The mythical power of water has enchanted human minds for millennia. With many origin stories claiming that human beings were created from earth mixed with water, folklore reminds us that the power of this element (and its importance to life) has always been known to us.
We often tend to forget exactly where the water we drink comes from. We see this clear, life-giving liquid in a bottle and forget that it was made by Mother Earth, forged in clouds, or sprung from the depths of the soil. We forget that drinking water connects us to all things and that this element reminds us of the web of life and the continuous cycle of nature.
Our planet can be seen as a ball of water floating in space, with fire at its center and rock embedded in its depths, and this play of water, fire, space, and earth is mirrored within ourselves – a balanced mixture of water, heat, space, and flesh.
With this in mind, drinking water becomes a sacred ritual of connecting to (our) nature, replenishing ourselves, and sustaining life within us, and research has shown that while humans can go over 7 days without food, we last a mere 2 days without water.
Since choosing to live my life more intentionally, I’ve found that taking the time to shift my perspective and view the bigger picture often reveals the magic in the mundane, and with water, zooming in to appreciate the minute details does the same.
This is especially highlighted by one of my favorite scientific experiments which was performed by Dr. Masaru Emoto, a Japanese scientist who revolutionized the idea that our thoughts and intentions impact the physical realm, by proving how the molecular structure in water transforms when it is exposed to human words, thoughts, sounds and intentions.
Water exposed to loving, benevolent, and compassionate human intention results in aesthetically pleasing physical molecular formations in the water while water exposed to fearful and discordant human intentions results in disconnected, disfigured, and “unpleasant” physical molecular formations.
This proves that water possesses an innate intelligence that responds to different forms of emotional energy and that how we think about and treat the water we drink, is likely to change how it makes us feel in return.
Apart from the energetic make up of our water, the purity of our water is vitally important as well. As our minds and psyche have become cluttered with hyper-consumerism, capitalism, power, and greed – our water has mirrored our inner pollution to us. Over half of the world does not have access to clean drinking water and those who do, have over-treated water, lacking in minerals and full of micro-plastics.
However, as our future begins to look more and more dire, I’ve often found that ancient lessons from the past provide solutions, and filtering water with charcoal is one such example.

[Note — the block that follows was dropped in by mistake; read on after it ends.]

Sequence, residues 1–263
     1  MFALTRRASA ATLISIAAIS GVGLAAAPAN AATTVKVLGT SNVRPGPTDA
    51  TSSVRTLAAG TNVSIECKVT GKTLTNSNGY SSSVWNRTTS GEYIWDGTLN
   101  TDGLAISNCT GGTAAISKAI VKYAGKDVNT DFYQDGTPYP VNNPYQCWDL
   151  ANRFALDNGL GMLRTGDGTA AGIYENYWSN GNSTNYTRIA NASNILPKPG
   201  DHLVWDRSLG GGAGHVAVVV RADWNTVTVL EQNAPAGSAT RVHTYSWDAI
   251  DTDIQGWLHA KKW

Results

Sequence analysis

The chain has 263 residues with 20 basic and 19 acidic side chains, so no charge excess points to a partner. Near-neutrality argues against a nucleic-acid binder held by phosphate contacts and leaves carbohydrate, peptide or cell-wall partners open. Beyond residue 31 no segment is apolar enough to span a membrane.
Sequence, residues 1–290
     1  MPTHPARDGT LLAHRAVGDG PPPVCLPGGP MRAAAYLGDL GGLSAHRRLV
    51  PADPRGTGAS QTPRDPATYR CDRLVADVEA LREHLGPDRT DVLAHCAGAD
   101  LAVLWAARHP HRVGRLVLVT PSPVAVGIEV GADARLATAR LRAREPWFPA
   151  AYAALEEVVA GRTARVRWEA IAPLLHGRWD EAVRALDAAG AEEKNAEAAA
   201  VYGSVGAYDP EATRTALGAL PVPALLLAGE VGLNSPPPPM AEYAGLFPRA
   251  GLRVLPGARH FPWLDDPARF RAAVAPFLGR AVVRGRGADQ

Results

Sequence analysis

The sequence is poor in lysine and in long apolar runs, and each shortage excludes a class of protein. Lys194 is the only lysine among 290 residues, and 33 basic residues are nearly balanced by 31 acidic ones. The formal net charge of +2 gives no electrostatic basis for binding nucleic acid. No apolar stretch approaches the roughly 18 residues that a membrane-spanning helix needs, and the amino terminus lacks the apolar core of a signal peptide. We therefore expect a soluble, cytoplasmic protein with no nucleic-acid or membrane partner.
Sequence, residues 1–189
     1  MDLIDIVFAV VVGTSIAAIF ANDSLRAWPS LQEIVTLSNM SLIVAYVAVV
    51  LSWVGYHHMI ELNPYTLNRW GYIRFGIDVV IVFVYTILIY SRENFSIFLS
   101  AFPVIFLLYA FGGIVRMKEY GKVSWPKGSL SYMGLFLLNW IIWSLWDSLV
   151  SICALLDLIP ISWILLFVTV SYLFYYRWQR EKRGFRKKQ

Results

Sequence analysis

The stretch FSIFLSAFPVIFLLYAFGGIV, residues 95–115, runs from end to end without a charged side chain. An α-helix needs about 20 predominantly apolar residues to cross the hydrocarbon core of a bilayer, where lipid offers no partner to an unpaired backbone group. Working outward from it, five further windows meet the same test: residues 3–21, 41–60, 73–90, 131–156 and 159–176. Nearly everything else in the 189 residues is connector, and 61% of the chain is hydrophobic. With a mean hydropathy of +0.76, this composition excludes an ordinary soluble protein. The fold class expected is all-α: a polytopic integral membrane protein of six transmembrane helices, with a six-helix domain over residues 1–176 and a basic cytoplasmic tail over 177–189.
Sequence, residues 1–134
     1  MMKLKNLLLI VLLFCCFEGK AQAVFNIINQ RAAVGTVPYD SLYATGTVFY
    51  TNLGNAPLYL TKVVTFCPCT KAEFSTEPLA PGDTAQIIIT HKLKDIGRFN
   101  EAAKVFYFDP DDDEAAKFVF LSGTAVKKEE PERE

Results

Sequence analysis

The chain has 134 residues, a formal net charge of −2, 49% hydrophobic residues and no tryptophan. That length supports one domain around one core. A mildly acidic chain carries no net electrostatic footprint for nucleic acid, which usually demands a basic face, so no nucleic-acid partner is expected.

Back in 2000 BC, ancient Sanskrit texts referenced filtering water through charcoal – a carbon residue formed from burning wood – and by 400 BC, Nile-dwelling ancient Egyptians also began using charcoal or charred wood to treat their water after accidentally discovering charcoal’s antiseptic properties.
Filtering water with charcoal is another way human beings have tapped into our connection with nature and the cosmos. Carbon – the star dust within us – is one of the most enduring elements on our planet and makes up close to half of all dry biomass on Earth, as well as 12% of our bodies.
Charcoal water filters use a process called adsorption to filter out unwanted compounds from water. Adsorption (not to be confused with absorption) is when a solid substance attracts other molecules to its surface, and because carbon bonds easily and strongly to other chemicals, charcoal filters act like a magnet for unwanted compounds in water.
In this way, charcoal filters leave all of the good stuff in our water while inexpensively improving its taste and quality which is great for taste and for our wellbeing.
With all of this being said, it’s clear that our relationship with water is far more than just skin deep – water is a part of us and a part of our world, and drinking water is a sacred act of remembering who we are and how we are connected to this incredible world around us.
In closing, here’s a short and sweet mindfulness practice you can use the next time you take a sip of water to help you connect to its magic:
1. Take a deep breath and make your water “happy” by telling it 3 things you are grateful for.
2. Pause and look at your water reminding yourself of the many oceans, lakes, springs, rivers, and clouds it is connecting you to.
3. Filter your water using charcoal and remind yourself that you are purifying it with star dust, just like our ancestors did.
4. Savour the taste of your water and imagine it cleansing you from the inside out, washing away any fatigue, worry, or stress.
5. Lastly remind yourself to hydrate more – aiming for at least 2 liters of water a day.
About Dr. Anesu Mbizvo
A holistic health advocate, certified yoga teacher, and passionate proponent of sustainable living ♻️. As the founder of The Nest Space (@thenestspaceza) and Head of Wellness at Thornybush Safari (@thornybush.safari), Dr. Mbizvo integrates wellness and environmental consciousness into daily practice. Recognized as one of the #MG200Young, she leads with a commitment to inclusive and sustainable health solutions 🧘🏾.